Venezuela: A Test of U.S. Hegemony in Latin America

By Eric Hershberg

Lima Group members standing at a podium

Lima Group members in Torre Tagle in Perú / Flickr / Creative Commons

The showdown in Venezuela reflects an extraordinary attempt by the United States government to resurrect hegemonic power in Latin America.  From the mid-19th century to the dawn of the 21st, it was common for Washington to directly overthrow Latin American governments or to bolster clients seeking transitions to dictatorship or democracy.  But recent years had witnessed a clear decline in U.S. hegemony.  As Latin America appeared to have escaped Washington’s imperial reach, many of us were persuaded of the finality of the Obama administration’s recognition that the era of the Monroe Doctrine had ended.  We were dismissive, perhaps excessively, of the assertion of Trump administration officials and advisors that the infamous Doctrine could somehow be revived.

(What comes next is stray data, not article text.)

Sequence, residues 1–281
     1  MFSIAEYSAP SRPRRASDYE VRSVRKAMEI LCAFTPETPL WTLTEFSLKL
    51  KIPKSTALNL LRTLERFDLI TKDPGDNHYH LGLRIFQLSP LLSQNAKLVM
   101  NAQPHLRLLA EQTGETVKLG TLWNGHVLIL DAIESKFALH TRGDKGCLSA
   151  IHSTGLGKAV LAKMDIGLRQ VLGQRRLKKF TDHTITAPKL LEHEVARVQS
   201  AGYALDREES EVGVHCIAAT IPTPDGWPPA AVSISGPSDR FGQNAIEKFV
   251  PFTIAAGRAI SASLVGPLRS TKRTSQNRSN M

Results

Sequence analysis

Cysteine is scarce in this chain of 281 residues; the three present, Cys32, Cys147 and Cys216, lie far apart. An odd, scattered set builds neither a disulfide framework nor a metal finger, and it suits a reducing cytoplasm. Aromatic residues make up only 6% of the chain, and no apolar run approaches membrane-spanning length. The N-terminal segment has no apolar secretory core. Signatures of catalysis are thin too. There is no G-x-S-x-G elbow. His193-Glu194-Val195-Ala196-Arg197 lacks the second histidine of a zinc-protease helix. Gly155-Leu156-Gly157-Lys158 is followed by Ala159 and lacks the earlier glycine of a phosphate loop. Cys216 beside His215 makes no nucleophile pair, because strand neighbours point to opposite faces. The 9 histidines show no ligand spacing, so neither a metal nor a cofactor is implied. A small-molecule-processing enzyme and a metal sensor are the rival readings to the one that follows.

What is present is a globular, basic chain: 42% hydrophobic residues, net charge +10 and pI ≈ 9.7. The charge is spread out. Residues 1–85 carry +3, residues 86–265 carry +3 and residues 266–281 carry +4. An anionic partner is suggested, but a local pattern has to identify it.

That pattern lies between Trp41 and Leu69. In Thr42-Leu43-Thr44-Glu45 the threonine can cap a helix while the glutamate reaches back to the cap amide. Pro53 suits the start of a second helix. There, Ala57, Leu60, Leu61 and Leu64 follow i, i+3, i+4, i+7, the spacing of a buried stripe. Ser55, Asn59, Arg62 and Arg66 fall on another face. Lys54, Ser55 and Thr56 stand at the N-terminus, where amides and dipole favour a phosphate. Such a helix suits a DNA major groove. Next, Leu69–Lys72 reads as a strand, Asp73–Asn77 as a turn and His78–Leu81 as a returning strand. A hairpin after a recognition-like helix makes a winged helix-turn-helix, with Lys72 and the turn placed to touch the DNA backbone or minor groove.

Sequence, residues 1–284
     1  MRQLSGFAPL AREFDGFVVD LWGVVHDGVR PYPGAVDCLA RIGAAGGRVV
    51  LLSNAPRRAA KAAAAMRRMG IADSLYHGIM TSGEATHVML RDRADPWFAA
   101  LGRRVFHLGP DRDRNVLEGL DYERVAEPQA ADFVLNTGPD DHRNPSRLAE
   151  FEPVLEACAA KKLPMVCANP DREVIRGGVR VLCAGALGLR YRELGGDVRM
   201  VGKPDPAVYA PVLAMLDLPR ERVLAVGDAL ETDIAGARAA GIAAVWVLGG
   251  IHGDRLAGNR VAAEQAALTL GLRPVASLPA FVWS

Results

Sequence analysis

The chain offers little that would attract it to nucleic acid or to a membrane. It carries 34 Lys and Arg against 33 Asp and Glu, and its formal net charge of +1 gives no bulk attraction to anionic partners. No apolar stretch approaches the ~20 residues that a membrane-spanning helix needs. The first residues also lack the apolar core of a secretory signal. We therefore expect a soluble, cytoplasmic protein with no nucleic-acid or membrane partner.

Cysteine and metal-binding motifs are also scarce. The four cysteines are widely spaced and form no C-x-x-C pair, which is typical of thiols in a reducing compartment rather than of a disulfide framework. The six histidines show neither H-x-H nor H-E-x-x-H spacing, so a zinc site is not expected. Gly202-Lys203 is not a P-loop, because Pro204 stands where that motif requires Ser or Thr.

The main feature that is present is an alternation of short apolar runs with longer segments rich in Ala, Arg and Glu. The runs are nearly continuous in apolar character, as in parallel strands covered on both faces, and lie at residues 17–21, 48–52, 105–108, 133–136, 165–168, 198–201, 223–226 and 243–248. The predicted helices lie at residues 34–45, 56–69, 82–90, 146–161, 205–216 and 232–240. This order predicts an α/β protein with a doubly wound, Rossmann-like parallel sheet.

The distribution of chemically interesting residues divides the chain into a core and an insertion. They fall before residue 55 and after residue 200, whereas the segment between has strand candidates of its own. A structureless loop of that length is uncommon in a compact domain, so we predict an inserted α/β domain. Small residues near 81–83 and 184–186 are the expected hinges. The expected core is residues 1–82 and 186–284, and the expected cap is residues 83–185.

Yet the dynamics of the Venezuelan confrontation result from an unprecedented, Washington-forged hemispheric coalition – of the genuinely willing – trying to force a regime transition.  Traditionally, Washington conducted such interventions on its own, opposed by most of Latin America.  Yet today not only the 12 members of the Lima Group but also Canada and several EU governments are on board with the administration’s boldly assertive intervention in Venezuela’s political crisis.  Russia’s and China’s support for incumbent President Nicolás Maduro underscores that what is at stake is the enduring relevance of the Monroe Doctrine, which almost two hundred years ago unilaterally established an American veto over extra-regional engagement with nominally sovereign countries “in its own backyard.”